She talks like she writes - fast, breezy, and with infectious humor.
Meg Cabot, author of the Princess Diaries and about 40 other books for girls, young adults, and adults, speaks and signs books at 7 tonight in Thackeray's Books, 3301 West Central Ave.
"I like writing funny books," she said in a telephone interview.
She's promoting her new adult novel, Every Boy's Got One (Avon Trade, $12.95), which she describes as "women's fiction light." It's a quick-read romantic comedy of a couple eloping to an Italian village (as Ms. Cabot, 37, herself did). They're accompanied by her maid of honor and his best man, who meet at the airport and instantly dislike each other.
Ms. Cabot tells the story in 21st-century epistolary style, using the maid of honor's travel diary along with e-mails, text messages, receipts, menus, and occasional cat cartoons.
Humorous stories about sarcastic career women looking for the right guy, popularized by Helen Fielding's Bridget Jones's Diary, are often called "chick lit," a term Ms. Cabot doesn't mind one whit. "Yeah, but hello!" she says, noting the plots of Jane Austen and Charlotte Bronte.
Some of her favorite recent reads fall into chick-lit mode: English as a Second Language by Megan Crane, The Baby Trail by Sinead Moriarty, and Confessions of a Shopaholic by Sophie Kinsella.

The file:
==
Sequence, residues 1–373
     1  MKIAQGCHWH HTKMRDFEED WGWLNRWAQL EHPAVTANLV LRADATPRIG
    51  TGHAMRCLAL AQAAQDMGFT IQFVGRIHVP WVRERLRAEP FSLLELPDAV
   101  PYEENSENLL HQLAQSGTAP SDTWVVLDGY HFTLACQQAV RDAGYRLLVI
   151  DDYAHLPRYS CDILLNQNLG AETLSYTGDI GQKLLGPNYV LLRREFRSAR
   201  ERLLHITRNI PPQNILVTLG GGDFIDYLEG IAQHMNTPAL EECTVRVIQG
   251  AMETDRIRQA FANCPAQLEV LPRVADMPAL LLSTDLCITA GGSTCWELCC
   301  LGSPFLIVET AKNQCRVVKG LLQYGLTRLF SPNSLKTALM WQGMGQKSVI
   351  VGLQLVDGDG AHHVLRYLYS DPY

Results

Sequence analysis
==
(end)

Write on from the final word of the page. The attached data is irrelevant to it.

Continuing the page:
A Q&A on Ms. Cabot's Web site (www.megcabot.com) asks, "What are the essential qualities/values that we can get from your work which strike off modern values?" Her response: "It's my job to write the stuff. I don't have to analyze it."
And, "Do you ever get writer's block?" Answer: "Yes. It is usually cured by eating cookies and watching TV for several days in a row. Or until my Visa bill arrives."
Her breakthrough came after her agent couldn't find a publisher for Princess Diaries. "Nobody really liked it," said Ms. Cabot. Her agent shopped it to filmmakers. "There was a group of people at Disney who were looking to make a girl movie," she said.
Two Princess Diaries movies were produced, capturing the hearts of millions of girls and their parents, and Ms. Cabot was off to the races. The sixth book in that series will be published in March.
"When I was growing up, it was hard to find books that weren't about girls who were beautiful and popular, except for [the books of] Judy Blume," she said. "I read a lot of science fiction and comic books."
Her other youth series include The Mediator and the 1-800-Where-R-You books. Her young adult books include All-American Girl, Nicola and the Viscount, Victoria and the Rogue, and Teen Idol.
Ms. Cabot was born in Bloomington, Ind. Her father was a business professor at Indiana University (her alma mater), and her mother worked for Planned Parenthood. She's married to Benjamin Egnatz, a former financial writer who recently completed culinary school. "Now he's designing his dream kitchen," she said. They live in Key West and Manhattan.
Author Meg Cabot speaks at 7 tonight in Thackeray's Books, 3301 West Central Ave. Information: 419-537-9259.
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